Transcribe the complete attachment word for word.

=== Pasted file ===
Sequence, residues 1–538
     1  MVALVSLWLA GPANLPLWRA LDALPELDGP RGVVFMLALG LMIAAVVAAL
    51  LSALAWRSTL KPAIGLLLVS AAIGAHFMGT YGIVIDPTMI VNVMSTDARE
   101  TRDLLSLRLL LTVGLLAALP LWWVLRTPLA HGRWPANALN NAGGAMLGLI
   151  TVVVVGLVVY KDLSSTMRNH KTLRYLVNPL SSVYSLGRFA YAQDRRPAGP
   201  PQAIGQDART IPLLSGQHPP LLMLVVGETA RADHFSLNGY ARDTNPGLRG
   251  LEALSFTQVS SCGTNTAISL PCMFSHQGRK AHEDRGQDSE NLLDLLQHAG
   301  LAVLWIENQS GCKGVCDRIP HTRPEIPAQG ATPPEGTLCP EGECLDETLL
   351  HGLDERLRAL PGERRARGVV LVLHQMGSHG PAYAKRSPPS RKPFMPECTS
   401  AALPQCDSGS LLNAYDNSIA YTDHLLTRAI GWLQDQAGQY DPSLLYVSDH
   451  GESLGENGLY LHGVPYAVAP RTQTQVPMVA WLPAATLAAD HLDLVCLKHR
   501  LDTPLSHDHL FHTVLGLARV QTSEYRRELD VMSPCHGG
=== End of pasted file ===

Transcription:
Sequence, residues 1–538
     1  MVALVSLWLA GPANLPLWRA LDALPELDGP RGVVFMLALG LMIAAVVAAL
    51  LSALAWRSTL KPAIGLLLVS AAIGAHFMGT YGIVIDPTMI VNVMSTDARE
   101  TRDLLSLRLL LTVGLLAALP LWWVLRTPLA HGRWPANALN NAGGAMLGLI
   151  TVVVVGLVVY KDLSSTMRNH KTLRYLVNPL SSVYSLGRFA YAQDRRPAGP
   201  PQAIGQDART IPLLSGQHPP LLMLVVGETA RADHFSLNGY ARDTNPGLRG
   251  LEALSFTQVS SCGTNTAISL PCMFSHQGRK AHEDRGQDSE NLLDLLQHAG
   301  LAVLWIENQS GCKGVCDRIP HTRPEIPAQG ATPPEGTLCP EGECLDETLL
   351  HGLDERLRAL PGERRARGVV LVLHQMGSHG PAYAKRSPPS RKPFMPECTS
   401  AALPQCDSGS LLNAYDNSIA YTDHLLTRAI GWLQDQAGQY DPSLLYVSDH
   451  GESLGENGLY LHGVPYAVAP RTQTQVPMVA WLPAATLAAD HLDLVCLKHR
   501  LDTPLSHDHL FHTVLGLARV QTSEYRRELD VMSPCHGG